Though chef Nicole Medrano has only been in Jackson for a year, she is making waves in the local culinary scene. After Jesse Houston stepped down as executive chef at Saltine Oyster Bar, Medrano took the helm in early January.
Medrano, who is a Chicago native with Mexican roots, met her husband, Hunter Spears, while he was working in Sears Tower there The couple moved to Memphis to be closer to his family in 2013, and while there, Medrano worked at restaurants such as Fleming's Steakhouse, Flight, Hog and Hominy, and Porcellino's Craft Butcher. She and Spears then moved to Jackson for his job as a filmmaker.
When Medrano began at Saltine in 2016, she was a saute cook. She soon picked up more responsibilities and became the kitchen manager, then the sous chef, and now she is the executive chef.
The Jackson Free Press spoke with her to talk about stepping into her new role with Saltine.
Tell me about how you got into the restaurant industry.
In grammar school, we had a culinary program that we had after school, and then that kind of followed me into high school. The instructor that taught my elementary school ended up being the home (economics) teacher in high school, and ... she had an afterschool program. So for four years, my elective was home ec, and then I did her afterschool program, which was pretty awesome. It was through a program called ASM, which is an acronym for After-School Matters.
From then, I did a couple of internships and a little stage (or chef apprenticeship) here and there through that program, and it kind of got my foot in the door of ... the restaurant business and (showed me) how it truly works instead of (me just) being behind the book.
What do you think drove you to cooking and food?
In all honesty, I was in a position where I knew I wasn't going to go to college. I knew I was going to finish high school, and I knew I was going to have some college, but I knew I wasn't going to finish. One thing that (my mentor) told me is: "Everyone has to eat, no matter what. They're going to eat, and if they're going to eat, you're always going to have a job."
And that kind of stuck with me. I figured, if I'm going to do this, then I'm going to do it right. I'm going to not (just) collect a paycheck. I'm going to put all my train of thought into this and do something with it, and it worked. I enjoy doing it, too. It doesn't feel like work. I love coming here, and I love my staff here, too.
What made you want to work at Saltine?
My husband and I had brunch here, and we had the brunch loaf. It was awesome, and that got us hooked. Then we came back and had the oysters Lafitte. My husband loves those things. I read a little bit (when) Jesse (Houston) first got nominated as a semi-finalist for the James Beard award, and I was like, "Oh, man. I bet I can learn a bunch of stuff from him, and so that was (what) grabbed me."
What's it like being the executive chef of a restaurant like Saltine?
It is challenging because Jesse was a great chef, so he ... set the bar, basically. Now I ... just want to keep that going, and keep that bar set ... keep it high for Jackson because Jackson needed a chef like Jesse, and like Alex (Eaton of The Manship Wood Fired Kitchen) or Derek (Emerson of Walker's Drive-In), and so they set that bar. It is challenging but fun at the same time.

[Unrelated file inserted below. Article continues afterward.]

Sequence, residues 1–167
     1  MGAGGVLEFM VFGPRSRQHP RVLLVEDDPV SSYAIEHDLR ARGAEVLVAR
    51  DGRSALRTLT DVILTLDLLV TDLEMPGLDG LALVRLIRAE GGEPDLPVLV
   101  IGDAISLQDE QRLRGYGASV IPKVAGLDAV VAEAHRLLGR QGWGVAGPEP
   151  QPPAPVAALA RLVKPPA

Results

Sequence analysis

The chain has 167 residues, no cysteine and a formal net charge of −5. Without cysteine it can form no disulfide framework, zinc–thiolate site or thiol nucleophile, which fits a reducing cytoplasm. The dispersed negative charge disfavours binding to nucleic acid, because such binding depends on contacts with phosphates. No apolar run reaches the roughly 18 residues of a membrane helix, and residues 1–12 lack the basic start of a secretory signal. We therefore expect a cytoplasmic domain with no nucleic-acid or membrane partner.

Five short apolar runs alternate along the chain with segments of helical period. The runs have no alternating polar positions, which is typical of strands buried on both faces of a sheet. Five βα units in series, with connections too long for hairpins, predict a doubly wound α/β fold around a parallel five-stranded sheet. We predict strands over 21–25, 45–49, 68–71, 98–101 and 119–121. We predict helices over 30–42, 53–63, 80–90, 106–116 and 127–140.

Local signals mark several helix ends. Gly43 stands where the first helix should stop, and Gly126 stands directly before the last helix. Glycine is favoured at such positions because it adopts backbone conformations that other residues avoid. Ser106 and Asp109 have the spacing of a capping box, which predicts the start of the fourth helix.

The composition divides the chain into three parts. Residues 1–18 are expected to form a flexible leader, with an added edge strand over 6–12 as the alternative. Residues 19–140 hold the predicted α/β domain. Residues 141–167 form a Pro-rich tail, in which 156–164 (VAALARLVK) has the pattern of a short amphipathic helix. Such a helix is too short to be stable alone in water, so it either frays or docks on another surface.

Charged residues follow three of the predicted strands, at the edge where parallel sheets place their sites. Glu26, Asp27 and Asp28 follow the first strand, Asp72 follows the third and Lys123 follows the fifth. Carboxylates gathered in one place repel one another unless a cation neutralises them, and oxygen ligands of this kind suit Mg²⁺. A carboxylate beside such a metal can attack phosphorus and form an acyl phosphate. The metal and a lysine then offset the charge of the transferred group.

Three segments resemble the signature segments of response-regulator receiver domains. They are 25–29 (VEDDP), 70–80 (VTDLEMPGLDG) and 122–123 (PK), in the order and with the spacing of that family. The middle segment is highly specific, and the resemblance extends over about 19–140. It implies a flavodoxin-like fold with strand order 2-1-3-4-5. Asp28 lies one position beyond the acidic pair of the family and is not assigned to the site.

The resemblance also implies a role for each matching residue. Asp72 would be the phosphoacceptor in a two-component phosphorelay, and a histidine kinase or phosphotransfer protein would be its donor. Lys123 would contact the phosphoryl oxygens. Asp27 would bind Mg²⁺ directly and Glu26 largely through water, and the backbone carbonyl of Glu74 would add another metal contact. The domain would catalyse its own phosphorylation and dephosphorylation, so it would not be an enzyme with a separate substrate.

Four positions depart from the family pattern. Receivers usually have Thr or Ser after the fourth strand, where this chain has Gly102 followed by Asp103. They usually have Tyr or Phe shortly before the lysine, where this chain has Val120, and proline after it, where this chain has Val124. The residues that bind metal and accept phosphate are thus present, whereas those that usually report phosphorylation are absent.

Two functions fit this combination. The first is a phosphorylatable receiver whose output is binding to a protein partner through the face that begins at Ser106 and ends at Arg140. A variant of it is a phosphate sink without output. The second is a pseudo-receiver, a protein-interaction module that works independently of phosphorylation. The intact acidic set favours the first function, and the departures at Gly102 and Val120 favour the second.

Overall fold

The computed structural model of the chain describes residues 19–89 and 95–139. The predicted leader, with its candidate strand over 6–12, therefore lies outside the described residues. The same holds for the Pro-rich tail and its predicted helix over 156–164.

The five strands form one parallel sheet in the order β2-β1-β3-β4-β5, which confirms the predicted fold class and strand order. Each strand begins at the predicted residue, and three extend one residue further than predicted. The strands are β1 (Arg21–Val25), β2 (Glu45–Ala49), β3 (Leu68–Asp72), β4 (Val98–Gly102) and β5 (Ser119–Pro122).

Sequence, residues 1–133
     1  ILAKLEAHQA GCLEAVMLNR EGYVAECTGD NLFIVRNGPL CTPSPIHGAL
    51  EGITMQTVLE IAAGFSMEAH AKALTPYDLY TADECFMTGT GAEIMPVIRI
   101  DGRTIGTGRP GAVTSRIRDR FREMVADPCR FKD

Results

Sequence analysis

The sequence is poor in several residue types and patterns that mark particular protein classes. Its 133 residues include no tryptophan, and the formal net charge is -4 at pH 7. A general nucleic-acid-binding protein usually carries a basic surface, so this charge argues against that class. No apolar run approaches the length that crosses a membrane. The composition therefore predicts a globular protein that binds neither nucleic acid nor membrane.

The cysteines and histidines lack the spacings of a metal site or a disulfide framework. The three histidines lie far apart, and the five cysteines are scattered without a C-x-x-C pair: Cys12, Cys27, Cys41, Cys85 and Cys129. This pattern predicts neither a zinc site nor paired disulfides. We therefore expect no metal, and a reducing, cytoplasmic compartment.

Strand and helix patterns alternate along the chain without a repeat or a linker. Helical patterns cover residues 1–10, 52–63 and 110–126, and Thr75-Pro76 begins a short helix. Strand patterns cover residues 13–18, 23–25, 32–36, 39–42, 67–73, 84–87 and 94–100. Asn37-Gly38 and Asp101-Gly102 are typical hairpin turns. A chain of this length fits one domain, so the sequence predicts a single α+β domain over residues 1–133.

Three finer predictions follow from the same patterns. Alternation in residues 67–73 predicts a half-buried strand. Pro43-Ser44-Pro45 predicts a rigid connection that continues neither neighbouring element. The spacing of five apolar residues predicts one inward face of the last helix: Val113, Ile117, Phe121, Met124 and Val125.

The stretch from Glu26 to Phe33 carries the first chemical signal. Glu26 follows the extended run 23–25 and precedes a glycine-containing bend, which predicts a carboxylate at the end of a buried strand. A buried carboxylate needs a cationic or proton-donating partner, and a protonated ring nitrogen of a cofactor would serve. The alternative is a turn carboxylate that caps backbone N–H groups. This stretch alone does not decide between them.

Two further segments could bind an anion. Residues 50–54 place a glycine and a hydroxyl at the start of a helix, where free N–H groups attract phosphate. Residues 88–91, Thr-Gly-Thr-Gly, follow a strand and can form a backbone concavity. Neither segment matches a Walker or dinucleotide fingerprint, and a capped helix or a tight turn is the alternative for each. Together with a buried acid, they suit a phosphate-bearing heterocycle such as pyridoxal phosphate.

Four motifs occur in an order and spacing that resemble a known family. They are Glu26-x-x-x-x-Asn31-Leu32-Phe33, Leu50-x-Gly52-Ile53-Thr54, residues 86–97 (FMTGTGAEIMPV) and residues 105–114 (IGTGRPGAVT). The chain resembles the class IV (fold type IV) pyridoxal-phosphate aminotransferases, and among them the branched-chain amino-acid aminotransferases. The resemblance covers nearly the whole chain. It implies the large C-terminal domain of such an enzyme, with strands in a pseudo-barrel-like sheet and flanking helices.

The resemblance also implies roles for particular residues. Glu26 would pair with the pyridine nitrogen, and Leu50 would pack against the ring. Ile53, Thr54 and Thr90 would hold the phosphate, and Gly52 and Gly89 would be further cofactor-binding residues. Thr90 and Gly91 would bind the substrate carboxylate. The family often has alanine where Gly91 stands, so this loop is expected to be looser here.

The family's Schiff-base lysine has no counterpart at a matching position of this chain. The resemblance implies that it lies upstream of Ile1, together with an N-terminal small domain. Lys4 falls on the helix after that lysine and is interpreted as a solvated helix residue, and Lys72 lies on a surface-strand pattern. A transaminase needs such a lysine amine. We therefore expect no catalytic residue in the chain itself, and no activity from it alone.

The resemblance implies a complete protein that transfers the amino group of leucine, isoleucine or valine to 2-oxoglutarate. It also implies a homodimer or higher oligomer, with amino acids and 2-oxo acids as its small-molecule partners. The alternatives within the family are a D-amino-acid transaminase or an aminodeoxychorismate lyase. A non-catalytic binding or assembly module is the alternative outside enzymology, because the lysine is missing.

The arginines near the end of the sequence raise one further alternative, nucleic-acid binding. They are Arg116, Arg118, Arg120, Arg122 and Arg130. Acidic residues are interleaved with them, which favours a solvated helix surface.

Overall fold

How is it being a female executive chef?
It's not as challenging as most women would think because 90 percent (of my kitchen staff is) men, and they all have my back. They're amazing. I don't really have that kind of challenge when it comes to that kind of thing, but it's cool because I get to show my little sisters back home that from where they come from that they can do it, too, whether they're male or female.
What is your personal aesthetic as a chef, and how are you going to bring it to Saltine?
It depends on what's available at the time, the seasons. Spring is coming up, so peas are going to come in the season, and corn, so it definitely varies throughout the year of what vegetables are available during that time.
My thing is well, one, I am a big breakfast person. For my personal touches, just making a bigger brunch menu here, and (deciding) what Mexican food screams "breakfast"—Chorizo and eggs, papas fritas ... and there's the Delta tamales that are down here, too, that are somewhat similar. My personal touch is just making that brunch menu bigger and putting a little bit of that Mexican flair on it, just a little bit.
Why is it important to you to add a Mexican flair here?
It's important to me just to show a little bit of my background. ... It's just putting a little bit of flair. It's important to me because my grandmother and my uncle, I've watched them cook my entire life and spend two days on a soup. (At Saltine earlier this month), we had our past ramen, which was pozole ramen, and I was telling our guests that I had made it because it was special to me because my grandmother only made it twice a year. It had to be something special like your birthday or a holiday, and it just means bringing people together.
What is your favorite dish to make?
I love to make quiches. Quiche is my favorite thing. ... For one week straight, we had a different potpie everyday, and that was the bomb to me because it's comfort food. ... We have our regulars that come in sometimes, and they look forward to that potpie, and they're just smiling the whole time, and they love and enjoy it, and they ask for me. Food ... that just brings people together, it excites me.
For more information on Saltine Oyster Bar (622 Duling Ave., Suite 201, 601-982-2899), visit saltinerestaurant.com. See more food coverage at jfp.ms/food.